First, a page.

The term “photosensitizer” as used herein refers to molecules, which upon irradiation with light having a wavelength corresponding at least in part to the absorption bands of said “photosensitizer” interact through energy transfer with another molecule to produce radicals, and/or singlet oxygen, and/or ROS. For example, in its excited state, the photosensitizer can undergo intersystem crossing and transfer energy to oxygen in tissues being treated by photodynamic therapy to produce ROS, such as singlet oxygen. Photosensitizing molecules are well-known in the art and include lead compounds, including but not limited to, chlorines, chlorophylls, coumarines, cyanines, fullerenes, metallophthalocyanines, metalloporphyrins, methylenporphyrins, naphthalimides, naphthalocyanines, nile blue, perylenequinones, phenols, pheophorbides, pheophyrins, phthalocyanines, porphycenes, porphyrins, psoralens, purpurins, quinines, retinols, rhodamines, thiophenes, verdins, xanthenes, and dimers and oligomers thereof. The term “photosensitizer” also includes photosensitizer derivatives; for example, the positions in a photosensitizer may be functionalized by an alkyl, functional group, peptide, protein, or nucleic acid or a combination thereof.

The term “photodynamic therapy” refers to a process whereby light of a specific wavelength is directed to tissues or cells undergoing treatment that have been rendered photosensitive through the administration of a photosensitizer. This term should be interpreted broadly to encompass “photothermal therapy”, i.e. treatment by generating heat upon exposure of the photosensitizer to light.

In the present application, the photosensitizer is covalently attached to the organosilica nanoparticle. The term “covalently attached” is used interchangeable with “covalently bonded” and refers to the forming of a chemical bonding that is characterized by the sharing of pairs of electrons between atoms. As photodynamic therapy does not require the release of photosensitizers, the covalent linkage of photosensitizers in the silica matrix can allow sufficient loading of photosensitizers and yet prevent their aggregation-induced quenching, thus increasing the quantum yield of photosensitizers in the system.

The term “agent” as used herein refers to a chemical compound, a biological macromolecule (such as a nucleic acid, an antibody, an antibody fragment, a protein, or a peptide), or a combination thereof. The activity of such agents may render them suitable as a therapeutic agent which is a biologically, physiologically, or pharmacologically active substance that acts locally or systemically in a subject. An organosilica nanoparticle disclosed herein may comprise one or more such agents.

In preferred embodiments, the organosilica nanoparticle of the invention is a mesoporous organosilica nanoparticle and the photosensitizer is incorporated within the framework of the nanoparticle, i.e. the photosensitizer is covalently attached to the inorganic framework of the mesoporous organosilica nanoparticle and forms an integral part thereof.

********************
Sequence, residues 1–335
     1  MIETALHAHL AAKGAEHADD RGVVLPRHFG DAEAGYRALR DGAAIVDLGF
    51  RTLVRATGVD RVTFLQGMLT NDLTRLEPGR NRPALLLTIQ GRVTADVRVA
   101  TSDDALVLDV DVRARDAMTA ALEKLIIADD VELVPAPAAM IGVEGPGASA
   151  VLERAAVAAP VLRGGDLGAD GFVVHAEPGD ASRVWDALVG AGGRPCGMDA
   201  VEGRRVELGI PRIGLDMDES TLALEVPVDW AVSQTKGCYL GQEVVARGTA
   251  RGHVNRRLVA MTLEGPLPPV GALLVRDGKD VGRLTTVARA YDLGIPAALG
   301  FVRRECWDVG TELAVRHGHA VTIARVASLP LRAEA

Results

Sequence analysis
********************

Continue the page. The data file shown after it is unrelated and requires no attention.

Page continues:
The term “mesoporous organosilica nanoparticle” is also known in the art as periodic mesoporous organosilicas (PMOs), a class of organic-inorganic polymers characterized by highly ordered pores presenting a large surface area. These materials also exhibit low cytotoxicity, tuneable pore size, and are biodegradable. The pores may have a diameter of between 0.05 nm to 10 nm, preferably between 1 nm to 8 nm, more preferably 2.5 nm to 5 nm.

In various embodiments, the organosilica nanoparticle is formed by condensation of the photosensitizer with with an alkoxysilane, preferably a di- tri- or tetraalkoxysilane, more preferably TMOS or TEOS.

In various embodiments, the photosensitizer is modified with a silicon-containing group of the formula —Si(OR6)x(R7)3-x, wherein R6 and R7 are independently selected from C1-C4 alkyl and C2-C4 alkenyl groups, preferably methyl or ethyl, and x is 0, 1, 2, or 3, preferably 2 or 3.

In various embodiments, the photosensitizer is a reaction product of phthalocyanine with an alkoxysilane of the formula A—(CH2)y—Si(OR6)x(R7)3-x, wherein A is a group reactive with phthalocyanine, preferably selected from —NCO, —COOH, —OH, and epoxy, x is 0, 1, 2, or 3, preferably 2 or 3, and y is 1, 2, or 3, preferably 3.

The term “phthalocyanine” as used herein refers to any compound belonging to the general class of macrocyclic phthalocyanines, and includes naphthalocyanine, quinolinephthalocyanines etc, as well as substituted derivatives thereof. Such phthalocyanines include metal-free phthalocyanines and, further, phthalocyanines containing metals such as Zinc, aluminum, copper, iron, manganese, molybdenum, nickle, and vanadium.

In preferred embodiments, the photosensitizer is a phthalocyanine compound of formula (I) or (I′),

wherein:

M is a metal selected from the group consisting of Zn, Al, Cu, Fe, Mn, Mo, Ni, and V, and Ni, preferably Zn;

R2, R3, and R4 are each independently C1-C6 alkyl;

m, n, p, and q are each independently 0, 1, 2, or 3; and